The European Union after the Treaty of Lisbon

The European Union after the Treaty of Lisbon

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This volume of essays casts light on the shape and future direction of the EU in the wake of the Lisbon Treaty and highlights the incomplete nature of the reforms. Contributors analyse some of the most innovative and most controversial aspects of the Treaty, such as the role and nature of the EU Charter of Fundamental Rights and the relationship between the EU and the European Court of Human Rights. In addition, they reflect on the ongoing economic and financial crisis in the Euro area, which has forced the EU Member States to re-open negotiations and update a number of aspects of the Lisbon 'settlement'. Together, the essays provide a variety of insights into some of the most crucial innovations introduced by the Lisbon Treaty and in the context of the adoption of the new European Financial Stability more

Product details

  • Electronic book text
  • Cambridge University Press (Virtual Publishing)
  • Cambridge, United Kingdom
  • 1139415727
  • 9781139415729

Table of contents

Introduction Diamond Ashiagbor, Nicola Countouris and Ioannis Lianos; 1. The institutional development of the EU post-Lisbon: a case of plus ca change...? Laurent Pech; 2. Competence after Lisbon: the elusive search for bright lines Takis Tridimas; 3. The Charter, the ECJ and national courts P. P. Craig; 4. Accession of the EU to the ECHR: who would be responsible in Strasbourg? Tobias Lock; 5. EU citizenship after Lisbon Niamh Nic Shuibhne; 6. The law and politics of migration and asylum: the Lisbon Treaty and the EU Sabina Anne Espinoza and Claude Moraes; 7. The European Union's Common Foreign and Security Policy after Lisbon Panos Koutrakos; 8. The European Ombudsman and good administration post-Lisbon P. Nikiforos Diamandouros, European Ombudsman; 9. European contract law after Lisbon Lucinda Miller; 10. Competition law in the European Union after the Treaty of Lisbon Ioannis Lianos; 11. The unexpected revision of the Lisbon Treaty and the establishment of a European Stability Mechanism Jean-Victor more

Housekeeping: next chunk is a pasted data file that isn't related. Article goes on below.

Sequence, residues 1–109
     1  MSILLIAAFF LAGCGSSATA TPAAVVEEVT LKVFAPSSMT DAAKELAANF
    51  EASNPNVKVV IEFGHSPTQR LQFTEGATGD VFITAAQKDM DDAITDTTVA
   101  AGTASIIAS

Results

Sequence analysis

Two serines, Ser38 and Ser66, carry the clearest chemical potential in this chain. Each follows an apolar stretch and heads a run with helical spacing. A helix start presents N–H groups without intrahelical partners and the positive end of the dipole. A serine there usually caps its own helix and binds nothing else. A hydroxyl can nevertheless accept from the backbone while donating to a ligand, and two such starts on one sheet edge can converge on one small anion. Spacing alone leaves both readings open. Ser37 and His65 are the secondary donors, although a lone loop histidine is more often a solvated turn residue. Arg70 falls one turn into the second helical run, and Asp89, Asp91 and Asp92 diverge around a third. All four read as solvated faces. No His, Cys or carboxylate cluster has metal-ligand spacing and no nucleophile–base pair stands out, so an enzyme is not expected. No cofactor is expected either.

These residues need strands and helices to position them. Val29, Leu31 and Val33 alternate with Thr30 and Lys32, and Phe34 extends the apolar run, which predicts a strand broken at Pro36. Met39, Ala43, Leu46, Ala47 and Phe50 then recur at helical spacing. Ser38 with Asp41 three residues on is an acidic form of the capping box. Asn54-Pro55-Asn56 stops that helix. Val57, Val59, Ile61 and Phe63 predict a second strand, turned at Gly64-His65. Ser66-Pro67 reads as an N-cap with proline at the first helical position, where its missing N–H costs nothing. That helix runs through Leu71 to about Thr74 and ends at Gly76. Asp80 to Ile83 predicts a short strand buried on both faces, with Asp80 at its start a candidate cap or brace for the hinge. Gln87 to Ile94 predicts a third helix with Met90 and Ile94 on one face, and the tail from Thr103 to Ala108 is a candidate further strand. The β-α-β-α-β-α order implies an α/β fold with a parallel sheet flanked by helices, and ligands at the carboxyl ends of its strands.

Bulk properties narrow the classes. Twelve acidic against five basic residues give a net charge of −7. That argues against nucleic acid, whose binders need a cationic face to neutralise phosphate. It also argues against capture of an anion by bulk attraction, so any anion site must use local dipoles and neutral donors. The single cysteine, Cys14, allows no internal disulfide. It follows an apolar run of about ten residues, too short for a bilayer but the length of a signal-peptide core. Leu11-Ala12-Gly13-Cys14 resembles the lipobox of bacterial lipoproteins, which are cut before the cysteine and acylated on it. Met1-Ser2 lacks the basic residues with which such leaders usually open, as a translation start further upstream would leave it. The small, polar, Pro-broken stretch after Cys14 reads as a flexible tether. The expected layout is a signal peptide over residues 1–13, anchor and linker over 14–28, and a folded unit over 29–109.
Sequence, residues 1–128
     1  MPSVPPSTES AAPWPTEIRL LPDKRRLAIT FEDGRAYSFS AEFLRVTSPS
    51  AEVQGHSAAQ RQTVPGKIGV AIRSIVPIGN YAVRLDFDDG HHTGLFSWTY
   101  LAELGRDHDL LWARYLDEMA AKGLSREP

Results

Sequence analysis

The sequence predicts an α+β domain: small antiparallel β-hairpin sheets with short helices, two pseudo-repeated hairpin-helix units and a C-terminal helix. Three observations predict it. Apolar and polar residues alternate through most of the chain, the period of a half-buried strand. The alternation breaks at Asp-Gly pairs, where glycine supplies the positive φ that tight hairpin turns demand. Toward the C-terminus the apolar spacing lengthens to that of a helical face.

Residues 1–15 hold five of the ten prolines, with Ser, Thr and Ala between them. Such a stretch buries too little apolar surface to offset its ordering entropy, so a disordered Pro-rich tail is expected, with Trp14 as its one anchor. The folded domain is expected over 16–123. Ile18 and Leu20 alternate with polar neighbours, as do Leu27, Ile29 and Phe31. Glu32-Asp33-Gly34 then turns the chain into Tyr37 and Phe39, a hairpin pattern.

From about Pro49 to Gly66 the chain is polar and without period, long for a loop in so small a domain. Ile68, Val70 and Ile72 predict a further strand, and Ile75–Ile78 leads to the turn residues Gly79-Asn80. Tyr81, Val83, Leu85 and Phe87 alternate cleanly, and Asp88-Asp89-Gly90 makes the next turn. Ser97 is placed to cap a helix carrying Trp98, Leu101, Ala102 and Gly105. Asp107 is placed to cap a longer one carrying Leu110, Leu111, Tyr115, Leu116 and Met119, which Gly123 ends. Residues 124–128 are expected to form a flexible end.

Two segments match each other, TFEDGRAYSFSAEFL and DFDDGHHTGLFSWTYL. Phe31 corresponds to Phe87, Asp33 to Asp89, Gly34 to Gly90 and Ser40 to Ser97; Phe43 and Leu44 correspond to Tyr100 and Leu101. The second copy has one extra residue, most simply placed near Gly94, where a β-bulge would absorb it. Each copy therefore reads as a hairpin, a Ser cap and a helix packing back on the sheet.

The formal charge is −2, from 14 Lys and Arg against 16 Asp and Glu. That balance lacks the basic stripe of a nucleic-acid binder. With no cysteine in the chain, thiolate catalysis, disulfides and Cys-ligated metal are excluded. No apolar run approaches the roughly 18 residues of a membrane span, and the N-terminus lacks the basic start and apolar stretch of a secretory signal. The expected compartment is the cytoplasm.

Review quote

'The Treaty of Lisbon limped into force in 2009, stripped of constitutional flourish and accompanied by a sense of political exhaustion. And yet the economic and financial crisis (in particular) has made vivid how much more needs to be done. This volume successfully captures the incomplete yet dynamic character of the Lisbon reforms: it is splendidly forward-looking.' Stephen Weatherill, University of Oxfordshow more

About Dr Diamond Ashiagbor

Diamond Ashiagbor is Professor of Labour Law at the School of Oriental and African Studies, University of London. Nicola Countouris is a lecturer in law and a co-director of the Centre for Law and Governance in Europe at the Faculty of Laws, University College London. Ioannis Lianos is a reader in European Union law and competition law and economics at the Faculty of Laws, University College London, where he is also the Director of the Centre for Law, Economics and Society and a co-director of the Centre for Law and Governance in more